Games like Spelunky and Deep Down embrace the idea of "procedurally generated" levels, and Road Not Taken developer Spry Fox's chief creative officer Daniel Cook explained today what that concept means and how it will work in the upcoming puzzle game with roguelike elements.
In a post on the PlayStation Blog, Cook explained that Road Not Taken players get "a completely new experience every time you venture into the forest" to rescue children. Instead of designing static levels, Spry Fox spends its time "creating interesting objects and enemies, and then carefully defining the probabilities of when and where you will encounter them." Then it's up to the game's "level generation system" to create and balance each level.
The first of the system's five phases concentrates on layout, determining a starting location and adding details like how many rooms are on the map and how difficult it should be. In the second pass, the system adds blocked paths — entryways blocked by boulders and passageways that can only be unlocked with items. In the third phase, the level generation system mixes things up, courtesy of the game's lead programmer.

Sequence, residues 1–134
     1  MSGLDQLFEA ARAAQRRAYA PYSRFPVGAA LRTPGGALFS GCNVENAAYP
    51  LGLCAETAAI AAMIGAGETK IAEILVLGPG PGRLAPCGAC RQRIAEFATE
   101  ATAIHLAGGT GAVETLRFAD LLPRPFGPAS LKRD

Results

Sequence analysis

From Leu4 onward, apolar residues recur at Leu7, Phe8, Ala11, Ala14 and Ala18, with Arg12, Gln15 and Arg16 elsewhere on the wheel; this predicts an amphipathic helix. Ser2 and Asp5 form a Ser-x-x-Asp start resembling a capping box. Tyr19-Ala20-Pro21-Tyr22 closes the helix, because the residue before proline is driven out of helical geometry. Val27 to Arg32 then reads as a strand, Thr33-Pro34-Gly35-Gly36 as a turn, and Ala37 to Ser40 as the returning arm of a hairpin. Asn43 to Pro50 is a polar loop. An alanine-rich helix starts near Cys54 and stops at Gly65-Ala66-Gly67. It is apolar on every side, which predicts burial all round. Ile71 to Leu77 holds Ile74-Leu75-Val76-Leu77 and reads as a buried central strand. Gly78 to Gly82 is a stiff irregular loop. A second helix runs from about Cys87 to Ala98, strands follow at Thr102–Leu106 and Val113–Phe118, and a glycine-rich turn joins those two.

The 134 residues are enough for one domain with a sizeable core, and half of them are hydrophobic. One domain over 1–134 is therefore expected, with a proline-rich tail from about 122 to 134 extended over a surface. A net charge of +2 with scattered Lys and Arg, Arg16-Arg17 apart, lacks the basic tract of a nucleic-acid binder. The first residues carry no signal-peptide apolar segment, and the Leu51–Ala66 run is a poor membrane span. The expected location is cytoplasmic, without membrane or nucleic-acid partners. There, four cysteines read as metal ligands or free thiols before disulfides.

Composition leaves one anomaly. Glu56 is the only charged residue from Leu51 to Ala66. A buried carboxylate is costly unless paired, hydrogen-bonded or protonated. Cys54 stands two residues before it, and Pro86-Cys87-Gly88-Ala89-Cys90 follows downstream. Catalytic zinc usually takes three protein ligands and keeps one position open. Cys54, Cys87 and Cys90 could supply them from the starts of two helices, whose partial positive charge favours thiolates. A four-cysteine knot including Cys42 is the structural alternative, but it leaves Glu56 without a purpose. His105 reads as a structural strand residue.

"Cristian Soulos, our lead programmer, figured out how to keep things interesting," Cook wrote. "He realized that Road Not Taken would be more fun if all the pieces you needed to solve a puzzle weren't just sitting right in front [of] you. So he spread the lock objects for some of the doors into different rooms. This forces you to search and explore the forest if you want to unblock every path and rescue every child. (I always imagine the computer giggling evilly at this step.)"
In the fourth phase, the system adds objects and crafting ingredients. The fifth and final phase adds "challenge objects" that "make your life more difficult by attacking, blocking, and/or confusing you." Based on a targeted difficulty, those could be objects or enemies.
Road Not Taken is headed to PlayStation 4, PlayStation Vita, Windows PC and tablet and mobile devices at an undisclosed date. To learn more about the game and its developers, be sure to read our coverage of how it was inspired by personal challenges. You can also hear sound clips from Road Not Taken, some of which were recorded from real-world sources, like audio producer Daniel Simmons' children.